So would I rather take 1 step or 2 to receive the same results?
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90 Gnome Priest
9880
I feel this discussion is entirely pointless. The OP comment was about healers under lvl 90 running out of mana in 5-man dungeons. That's going to happen. That's part of learning their class. Before lvl 80 it often doesn't matter what spell they use to heal. Then it slowly starts to matter. Each lvl the scaling changes. The cost and effectiveness of spells can significantly change by jumping one lvl. They'll learn as they go. 5-mans is the place to learn. It's not like they can go practice healing against a target dummy.


No. Im talking about the transition between spam healing, and healing efficiently, when you have to. Right now, my opinion, the level range is between 86, and 90. 86 is not low. I realize that, but in this specific conversation, I'm suggesting "lower" meaning the levels between 90, and 86.

The reason why I picked those levels, because if you quit during Cata, and came back in MoP(assuming you did not re-roll a new toon) your first ding is 86. This is where I, personally, noticed it, as a healer.

You're just not being realistic. Up and coming healers breaking through the transition of mashing heal buttons, to a more successful, mana efficient healing style.


If you don't want to deal with players learning how to play their class, then stay out of dungeons.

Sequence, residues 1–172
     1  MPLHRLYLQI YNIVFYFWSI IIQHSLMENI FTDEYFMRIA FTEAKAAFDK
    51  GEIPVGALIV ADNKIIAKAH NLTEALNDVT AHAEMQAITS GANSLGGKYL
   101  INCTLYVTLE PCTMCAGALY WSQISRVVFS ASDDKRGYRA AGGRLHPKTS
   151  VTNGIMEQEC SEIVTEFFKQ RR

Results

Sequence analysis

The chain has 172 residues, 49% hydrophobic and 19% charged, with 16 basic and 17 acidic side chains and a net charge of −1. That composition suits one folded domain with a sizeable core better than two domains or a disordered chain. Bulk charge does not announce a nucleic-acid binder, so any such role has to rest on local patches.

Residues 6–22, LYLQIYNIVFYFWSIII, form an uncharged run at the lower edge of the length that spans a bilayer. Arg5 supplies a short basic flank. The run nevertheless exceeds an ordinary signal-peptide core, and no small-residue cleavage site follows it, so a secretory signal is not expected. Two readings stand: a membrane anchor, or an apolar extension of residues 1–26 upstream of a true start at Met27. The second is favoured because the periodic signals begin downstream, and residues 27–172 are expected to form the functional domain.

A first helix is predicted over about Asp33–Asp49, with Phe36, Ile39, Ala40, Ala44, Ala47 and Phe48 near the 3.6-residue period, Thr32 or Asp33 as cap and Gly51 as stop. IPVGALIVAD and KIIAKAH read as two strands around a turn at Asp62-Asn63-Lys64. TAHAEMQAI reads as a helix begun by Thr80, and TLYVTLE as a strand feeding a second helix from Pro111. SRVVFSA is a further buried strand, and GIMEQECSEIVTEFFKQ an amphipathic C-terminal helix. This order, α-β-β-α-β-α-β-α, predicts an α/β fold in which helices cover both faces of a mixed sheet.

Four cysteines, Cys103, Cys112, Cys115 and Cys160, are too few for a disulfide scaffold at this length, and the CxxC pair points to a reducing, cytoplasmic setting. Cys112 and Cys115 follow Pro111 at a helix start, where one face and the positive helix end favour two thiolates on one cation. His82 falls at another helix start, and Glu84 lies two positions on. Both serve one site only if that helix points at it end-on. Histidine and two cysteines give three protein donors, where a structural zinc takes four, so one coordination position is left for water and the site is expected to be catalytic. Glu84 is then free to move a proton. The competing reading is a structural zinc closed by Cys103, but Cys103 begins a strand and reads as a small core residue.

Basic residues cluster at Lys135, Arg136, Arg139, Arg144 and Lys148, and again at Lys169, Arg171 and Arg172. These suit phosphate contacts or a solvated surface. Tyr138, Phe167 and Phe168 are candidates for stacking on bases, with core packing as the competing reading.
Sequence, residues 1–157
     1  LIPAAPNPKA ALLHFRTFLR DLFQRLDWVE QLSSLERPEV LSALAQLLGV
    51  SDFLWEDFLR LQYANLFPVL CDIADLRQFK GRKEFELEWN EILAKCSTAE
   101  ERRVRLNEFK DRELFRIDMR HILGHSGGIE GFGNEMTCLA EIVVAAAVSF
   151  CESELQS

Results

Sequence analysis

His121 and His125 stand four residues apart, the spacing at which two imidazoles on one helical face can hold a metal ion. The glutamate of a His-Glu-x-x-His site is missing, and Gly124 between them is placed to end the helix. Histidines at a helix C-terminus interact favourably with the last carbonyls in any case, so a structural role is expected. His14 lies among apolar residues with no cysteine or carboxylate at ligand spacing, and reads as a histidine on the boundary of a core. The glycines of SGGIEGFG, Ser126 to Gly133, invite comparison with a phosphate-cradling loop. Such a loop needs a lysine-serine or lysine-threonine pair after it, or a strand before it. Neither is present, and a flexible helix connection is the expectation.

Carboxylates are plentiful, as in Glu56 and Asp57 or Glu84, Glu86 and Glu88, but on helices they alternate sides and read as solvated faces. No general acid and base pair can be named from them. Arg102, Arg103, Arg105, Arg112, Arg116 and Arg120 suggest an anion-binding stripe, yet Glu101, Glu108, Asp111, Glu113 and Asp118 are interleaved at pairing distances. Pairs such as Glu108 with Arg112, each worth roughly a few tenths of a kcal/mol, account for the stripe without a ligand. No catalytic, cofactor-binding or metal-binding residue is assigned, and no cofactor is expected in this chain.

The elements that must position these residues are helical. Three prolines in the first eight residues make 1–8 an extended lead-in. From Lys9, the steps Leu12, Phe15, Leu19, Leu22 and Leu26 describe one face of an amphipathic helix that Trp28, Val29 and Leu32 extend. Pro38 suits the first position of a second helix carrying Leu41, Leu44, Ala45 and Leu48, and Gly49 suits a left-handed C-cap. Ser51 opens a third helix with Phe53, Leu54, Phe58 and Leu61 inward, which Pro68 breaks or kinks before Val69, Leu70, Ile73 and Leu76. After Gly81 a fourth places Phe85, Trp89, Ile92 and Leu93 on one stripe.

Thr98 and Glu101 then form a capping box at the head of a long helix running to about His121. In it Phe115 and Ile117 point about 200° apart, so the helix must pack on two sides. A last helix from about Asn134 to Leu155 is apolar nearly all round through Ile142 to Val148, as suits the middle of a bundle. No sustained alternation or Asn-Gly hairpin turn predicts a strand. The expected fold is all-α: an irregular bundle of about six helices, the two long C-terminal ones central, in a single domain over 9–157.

This whole GD thread is revolved around helping healers. How can you honestly reply with such ignorance, after reading 4 pages of redundant "help new healers running OOM" comments? It's not me who has the problem with people learning their classes. I wouldnt be here, wasting time, arguing with 1337s like you, if that was the case. I have yet to initiate a kick for anything else other than DC, or someone blatantly being a Jack Hole. That being said, in reality, 5 man 90 dungeons, Heroics, and LFR are terrible places to practice, (esp as a healer) without being flamed, or kicked.
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90 Gnome Priest
9880

This game is too self-explanatory to even bother with looking at OH to see what someone's doing incorrectly.


If that's the case, every person playing WoW would have full Raid gear, and we wouldnt even be talking. I believe this is just flat out Bs. No offense.


Looking at spell usage, watching what the player is doing and when, tells me more than anything OH could tell me.


Maybe not everyone feels they have enough time to micro manage other party member's spells during a fight. I know I don't. It's why I pay attention to the numbers, during, and after a fight. I think that's the reason they made damage meters.